Art. 4, sec. 2: "No person held to service or labor in one State, under the laws thereof, escaping into another, shall, in consequence of any law or regulation therein, be discharged from such service or labor; but shall be delivered up, on claim of the party to whom such service or labor may be due."

The time of holding not being limited, the expression here used must include not only persons held to service or labor for a term of years, but also those held to service or labor for life. Consequently, it includes those who are free persons within the meaning of Art. 1, sec. 2, and slaves or persons held to service or labor for life.

That the expression "person held to service or labor" was a correct definition of the condition of a slave, at the time the Constitution was adopted, is evident. The sixth article of the North-western ordinance reads thus: "There shall be neither slavery nor involuntary servitude in the said territory, otherwise than in the punishment of crimes, whereof the party shall have been duly convicted; provided always, that, any person escaping into the same, from whom labor or service is lawfully claimed in any one of the original States, such fugitive may be lawfully reclaimed, and conveyed to the person claiming his or her labor or service as aforesaid." In other words, the expression "a person from whom labor or service is lawfully claimed" so correctly described the condition of a slave, that Congress deemed it necessary to except such persons from the operation of an article relating only to slaves. In less than three months after the passage of this ordinance, this clause in the Constitution was drafted. It needs no argument to show, that the expression in the Constitution means the same as that in the ordinance. "A person from whom labor or service is lawfully claimed in any one of the original States" means the same as "a person held to service or labor in one State under the laws thereof." If the former correctly described the condition of a slave, the latter did also.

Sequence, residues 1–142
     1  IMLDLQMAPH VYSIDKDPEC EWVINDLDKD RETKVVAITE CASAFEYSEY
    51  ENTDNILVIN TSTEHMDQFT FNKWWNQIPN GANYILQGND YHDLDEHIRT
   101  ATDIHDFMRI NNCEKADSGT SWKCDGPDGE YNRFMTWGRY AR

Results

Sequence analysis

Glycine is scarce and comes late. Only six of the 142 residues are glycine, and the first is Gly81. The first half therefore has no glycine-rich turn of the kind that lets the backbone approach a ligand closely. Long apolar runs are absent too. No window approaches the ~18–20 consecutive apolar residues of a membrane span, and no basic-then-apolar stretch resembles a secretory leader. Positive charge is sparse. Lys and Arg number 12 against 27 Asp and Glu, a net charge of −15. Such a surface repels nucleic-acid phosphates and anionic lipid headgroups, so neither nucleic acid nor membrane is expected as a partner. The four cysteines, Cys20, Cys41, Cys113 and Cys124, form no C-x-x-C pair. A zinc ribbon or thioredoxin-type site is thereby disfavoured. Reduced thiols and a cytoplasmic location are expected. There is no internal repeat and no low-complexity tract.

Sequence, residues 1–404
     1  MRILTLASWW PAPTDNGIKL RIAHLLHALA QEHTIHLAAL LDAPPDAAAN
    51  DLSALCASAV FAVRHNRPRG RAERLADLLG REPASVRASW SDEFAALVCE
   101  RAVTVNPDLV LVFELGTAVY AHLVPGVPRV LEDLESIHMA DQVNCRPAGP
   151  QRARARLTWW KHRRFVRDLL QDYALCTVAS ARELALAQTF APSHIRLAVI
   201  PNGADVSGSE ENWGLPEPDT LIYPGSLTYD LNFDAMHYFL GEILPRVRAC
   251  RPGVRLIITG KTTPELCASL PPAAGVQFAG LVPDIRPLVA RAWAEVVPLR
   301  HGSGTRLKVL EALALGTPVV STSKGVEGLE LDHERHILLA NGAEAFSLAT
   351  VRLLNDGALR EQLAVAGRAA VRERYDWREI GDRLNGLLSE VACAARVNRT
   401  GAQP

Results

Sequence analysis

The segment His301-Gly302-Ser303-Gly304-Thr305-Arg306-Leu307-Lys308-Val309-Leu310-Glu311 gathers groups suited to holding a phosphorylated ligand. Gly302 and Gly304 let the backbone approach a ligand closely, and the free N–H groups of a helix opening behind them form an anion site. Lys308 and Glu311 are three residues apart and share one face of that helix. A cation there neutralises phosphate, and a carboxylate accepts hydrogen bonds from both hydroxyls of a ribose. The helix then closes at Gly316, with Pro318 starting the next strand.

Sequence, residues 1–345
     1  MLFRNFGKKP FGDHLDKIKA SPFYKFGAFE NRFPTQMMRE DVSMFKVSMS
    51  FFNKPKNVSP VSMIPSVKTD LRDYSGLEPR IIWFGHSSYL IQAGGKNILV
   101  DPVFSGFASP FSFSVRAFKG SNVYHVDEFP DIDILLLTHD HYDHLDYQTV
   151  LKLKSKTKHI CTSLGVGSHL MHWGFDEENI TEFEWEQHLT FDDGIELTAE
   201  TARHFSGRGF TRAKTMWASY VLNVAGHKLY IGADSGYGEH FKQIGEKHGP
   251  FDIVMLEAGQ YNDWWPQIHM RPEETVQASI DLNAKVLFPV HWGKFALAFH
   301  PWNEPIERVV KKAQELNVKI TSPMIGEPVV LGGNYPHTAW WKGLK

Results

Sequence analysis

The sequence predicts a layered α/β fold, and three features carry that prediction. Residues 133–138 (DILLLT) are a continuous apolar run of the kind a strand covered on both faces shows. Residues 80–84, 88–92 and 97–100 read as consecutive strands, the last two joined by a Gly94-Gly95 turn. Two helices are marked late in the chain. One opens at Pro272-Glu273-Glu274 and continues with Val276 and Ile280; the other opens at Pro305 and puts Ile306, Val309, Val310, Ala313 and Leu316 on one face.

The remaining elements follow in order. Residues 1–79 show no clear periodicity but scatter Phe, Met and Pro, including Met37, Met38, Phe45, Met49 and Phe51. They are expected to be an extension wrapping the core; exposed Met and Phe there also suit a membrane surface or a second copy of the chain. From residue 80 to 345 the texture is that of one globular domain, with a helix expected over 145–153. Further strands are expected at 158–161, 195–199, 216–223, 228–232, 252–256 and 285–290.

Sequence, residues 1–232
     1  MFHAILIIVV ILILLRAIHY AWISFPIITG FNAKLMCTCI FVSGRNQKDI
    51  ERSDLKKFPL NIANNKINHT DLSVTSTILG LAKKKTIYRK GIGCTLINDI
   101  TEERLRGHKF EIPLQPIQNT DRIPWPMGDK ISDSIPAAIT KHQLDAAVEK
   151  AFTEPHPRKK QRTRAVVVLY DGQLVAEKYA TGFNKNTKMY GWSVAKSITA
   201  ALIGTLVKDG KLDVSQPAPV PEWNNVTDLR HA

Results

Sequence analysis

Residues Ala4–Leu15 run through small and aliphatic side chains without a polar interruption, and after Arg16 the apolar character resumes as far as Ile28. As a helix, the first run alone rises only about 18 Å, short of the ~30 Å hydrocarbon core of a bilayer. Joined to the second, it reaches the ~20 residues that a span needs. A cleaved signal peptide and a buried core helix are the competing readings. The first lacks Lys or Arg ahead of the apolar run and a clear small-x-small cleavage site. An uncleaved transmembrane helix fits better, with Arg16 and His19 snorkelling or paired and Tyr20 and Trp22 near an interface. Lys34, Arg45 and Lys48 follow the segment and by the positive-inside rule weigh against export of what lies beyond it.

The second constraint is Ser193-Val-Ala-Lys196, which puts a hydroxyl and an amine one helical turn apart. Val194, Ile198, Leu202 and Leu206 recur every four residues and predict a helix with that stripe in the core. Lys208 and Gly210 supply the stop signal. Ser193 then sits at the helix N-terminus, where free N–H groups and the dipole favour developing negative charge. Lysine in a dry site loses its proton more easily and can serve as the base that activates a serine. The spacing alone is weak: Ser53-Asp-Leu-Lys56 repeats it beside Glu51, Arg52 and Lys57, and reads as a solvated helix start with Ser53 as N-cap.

We can, however, see that the expression does properly describe the legal condition of a slave. A slave, though an article of property, has always and in every State been recognized as a person, by being held criminally responsible for his acts. Thus the preamble to the Act of South Carolina (May 10, 1740; 1 Grimke's Laws, 165), which provides for the trial of _slaves_, recites that "natural justice forbids that any _person_, of what condition soever, should be condemned unheard;" and the Act of Georgia of 1770 (Prince's Dig. 777) provides for the trial of "slaves and _other persons_." The Act of Virginia (1748, sec. 15; 5 Hen. Stat. 547) and North Carolina (1741, sec. 29; Iredell, Stat. 62-66) call runaway slaves _persons_ in so many words. Similar laws might be cited, if deemed necessary. A slave is also held to labor and service for life by law. Labor and service are the lot of every slave. "To slave" means "to toil." It is sometimes denied, but nevertheless it is true, that the law recognizes that labor and service are legally due from the slave to his master. Thus the Act of North Carolina (1741, sec. 27), before quoted, makes it a criminal offence to tempt or persuade a slave to leave his master's "service." "Service" is recognized as being legally due from a slave in Virginia (Act 1691, 3 Hen. Stat. 86, 87). The Provincial Assembly of South Carolina (Act 1740, sec. 44) provided that,--

"If any owner of slaves, or other person who shall have the care, management, or overseeing of any slaves, shall work, or put any such slave or slaves to labor, more than fifteen hours in twenty-four hours, from the twenty-fifth day of March to the twenty-fifth day of September, or more than fourteen hours in twenty-four hours, from the twenty-fifth day of September to the twenty-fifth day of March, every such person shall forfeit any sum not exceeding twenty pounds, nor under five pounds, current money for every time he, she, or they shall offend herein, at the discretion of the justice before whom the complaint shall be made."

The Provincial Assembly of Georgia (Act 1770, May 10, sec. 41) provided that,--

"If any person shall, on the Lord's day, commonly called Sunday, employ any slave in any work or labor (works of absolute necessity and the necessary occasions of the family only excepted), every person so offending shall forfeit and pay the sum of ten shillings for every slave he, she, or they shall so cause to work or labor."